Financial Aid Package

<p>I heard that you can negotiate with a financial officer for a larger financial Aid package. Is this true?</p>

<p>New York Times just had an article about this a few days ago:</p>

<p><a href="http://www.nytimes.com/2007/01/07/education/edlife/07spending.html?_r=1&ref=edlife&oref=slogin%5B/url%5D"&gt;http://www.nytimes.com/2007/01/07/education/edlife/07spending.html?_r=1&ref=edlife&oref=slogin&lt;/a&gt;&lt;/p>

<p>Hope this answers your question.</p>

<p>
[quote]
Such decisions are made on a case-by-case basis. Students who succeed in securing more aid generally have some leverage: a special talent or high scores as well as a competing offer from a rival school. </p>

<p>

[/quote]

I believe is a key point, the college will reconsider based on how bad they want the student and the school will consider some students to be "expendable" because they can always pull from the waitlist.</p>

<p>However, some of the things you must keep in mind are as follows:</p>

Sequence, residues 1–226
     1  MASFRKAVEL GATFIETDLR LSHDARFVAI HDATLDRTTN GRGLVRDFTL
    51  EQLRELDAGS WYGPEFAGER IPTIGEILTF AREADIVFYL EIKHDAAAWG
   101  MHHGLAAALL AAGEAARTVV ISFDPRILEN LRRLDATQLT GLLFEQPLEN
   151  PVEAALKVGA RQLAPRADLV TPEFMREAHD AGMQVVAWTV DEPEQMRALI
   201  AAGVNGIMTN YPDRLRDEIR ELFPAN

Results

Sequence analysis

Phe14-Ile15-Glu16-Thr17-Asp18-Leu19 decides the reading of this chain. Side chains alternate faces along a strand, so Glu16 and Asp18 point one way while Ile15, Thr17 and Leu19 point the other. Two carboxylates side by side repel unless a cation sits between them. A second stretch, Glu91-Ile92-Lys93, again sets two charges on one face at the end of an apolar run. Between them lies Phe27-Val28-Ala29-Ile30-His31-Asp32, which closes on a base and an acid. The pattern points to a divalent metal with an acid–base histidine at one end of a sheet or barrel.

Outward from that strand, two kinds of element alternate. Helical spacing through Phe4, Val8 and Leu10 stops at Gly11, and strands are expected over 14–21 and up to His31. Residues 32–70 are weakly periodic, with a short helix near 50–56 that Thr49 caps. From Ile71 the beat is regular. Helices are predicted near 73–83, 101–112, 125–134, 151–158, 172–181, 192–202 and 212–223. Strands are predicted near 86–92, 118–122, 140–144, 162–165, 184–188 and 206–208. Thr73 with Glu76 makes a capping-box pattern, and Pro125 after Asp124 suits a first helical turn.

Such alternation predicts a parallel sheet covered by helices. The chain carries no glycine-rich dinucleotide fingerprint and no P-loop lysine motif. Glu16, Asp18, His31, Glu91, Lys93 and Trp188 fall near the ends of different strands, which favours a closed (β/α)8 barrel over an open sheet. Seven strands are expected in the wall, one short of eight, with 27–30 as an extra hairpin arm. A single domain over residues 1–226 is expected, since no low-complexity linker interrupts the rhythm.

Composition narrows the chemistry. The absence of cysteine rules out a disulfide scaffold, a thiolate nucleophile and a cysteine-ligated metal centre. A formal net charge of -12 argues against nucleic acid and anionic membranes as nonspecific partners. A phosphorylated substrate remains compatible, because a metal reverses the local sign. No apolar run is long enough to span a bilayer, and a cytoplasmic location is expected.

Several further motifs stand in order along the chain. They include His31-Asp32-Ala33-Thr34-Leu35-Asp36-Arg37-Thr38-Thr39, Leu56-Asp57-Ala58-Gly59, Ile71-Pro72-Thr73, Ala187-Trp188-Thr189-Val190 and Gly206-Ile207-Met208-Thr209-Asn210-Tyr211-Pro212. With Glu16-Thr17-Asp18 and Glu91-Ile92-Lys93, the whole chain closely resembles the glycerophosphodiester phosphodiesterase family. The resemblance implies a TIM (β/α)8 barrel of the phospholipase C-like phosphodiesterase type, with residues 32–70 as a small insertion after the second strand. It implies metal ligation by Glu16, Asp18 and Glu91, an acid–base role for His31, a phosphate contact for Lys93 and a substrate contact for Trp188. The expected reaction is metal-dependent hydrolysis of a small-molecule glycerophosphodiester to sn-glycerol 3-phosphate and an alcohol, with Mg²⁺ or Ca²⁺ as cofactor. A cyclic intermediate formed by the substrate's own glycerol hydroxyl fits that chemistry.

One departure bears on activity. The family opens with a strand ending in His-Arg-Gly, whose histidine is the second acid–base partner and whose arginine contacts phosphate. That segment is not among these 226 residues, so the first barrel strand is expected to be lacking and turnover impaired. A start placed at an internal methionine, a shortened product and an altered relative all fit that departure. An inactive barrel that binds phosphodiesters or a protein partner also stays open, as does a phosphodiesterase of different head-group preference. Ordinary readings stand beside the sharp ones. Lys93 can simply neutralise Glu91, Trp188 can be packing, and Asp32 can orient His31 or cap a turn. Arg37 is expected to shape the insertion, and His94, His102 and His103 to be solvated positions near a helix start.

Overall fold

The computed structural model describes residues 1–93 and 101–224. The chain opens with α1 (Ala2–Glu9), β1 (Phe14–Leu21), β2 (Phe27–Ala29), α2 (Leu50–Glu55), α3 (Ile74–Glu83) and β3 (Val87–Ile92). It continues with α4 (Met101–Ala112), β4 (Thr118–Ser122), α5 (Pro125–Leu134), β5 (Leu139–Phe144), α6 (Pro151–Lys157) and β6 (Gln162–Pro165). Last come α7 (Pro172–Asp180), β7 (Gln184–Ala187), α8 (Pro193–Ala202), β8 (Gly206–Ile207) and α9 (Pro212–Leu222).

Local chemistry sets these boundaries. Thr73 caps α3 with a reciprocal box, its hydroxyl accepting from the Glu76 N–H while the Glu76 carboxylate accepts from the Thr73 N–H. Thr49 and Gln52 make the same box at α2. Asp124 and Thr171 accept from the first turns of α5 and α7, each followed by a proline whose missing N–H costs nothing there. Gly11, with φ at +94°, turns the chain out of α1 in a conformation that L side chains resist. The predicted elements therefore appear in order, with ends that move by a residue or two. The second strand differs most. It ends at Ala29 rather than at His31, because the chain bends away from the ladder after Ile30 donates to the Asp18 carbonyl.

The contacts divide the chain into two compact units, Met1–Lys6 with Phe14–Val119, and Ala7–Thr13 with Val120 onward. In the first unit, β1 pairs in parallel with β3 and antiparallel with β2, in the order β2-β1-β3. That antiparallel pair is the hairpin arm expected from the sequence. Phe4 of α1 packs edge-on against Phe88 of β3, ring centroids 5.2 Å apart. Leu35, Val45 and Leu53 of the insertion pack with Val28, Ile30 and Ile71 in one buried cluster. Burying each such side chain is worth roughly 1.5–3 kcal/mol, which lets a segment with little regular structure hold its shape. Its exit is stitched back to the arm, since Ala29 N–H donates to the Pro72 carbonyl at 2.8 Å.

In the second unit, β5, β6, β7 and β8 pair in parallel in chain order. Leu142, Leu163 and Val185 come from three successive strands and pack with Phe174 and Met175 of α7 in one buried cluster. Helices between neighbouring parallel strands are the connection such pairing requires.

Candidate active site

<p>A school that gives FA based on need (example; the ivies, MIT, etc) will not "negotiate" a another school's merit package (you must compare apples to apples)</p>

<p>Most schools will only reconsider if you present an offer from a peer school or a direct competitior. for example: If you are accepted to an Ivy, most will only reconsider your FA package if you present an offer from a peer school (another ivy, MIT, Stanford, AWS). Other schools, if they have the funds would be more likely to reconsider you package if you present a comprable/better one from an ivy.</p>

<p>You should ask how much should you expect this package to change year over year.</p>

<p>If you are looking to increase your merit, you must also ask if the terms of the scholarship is also changing, is there is a phase in to obtaining the GPA, if there is a probationary period should there be a slip in grades, etc.</p>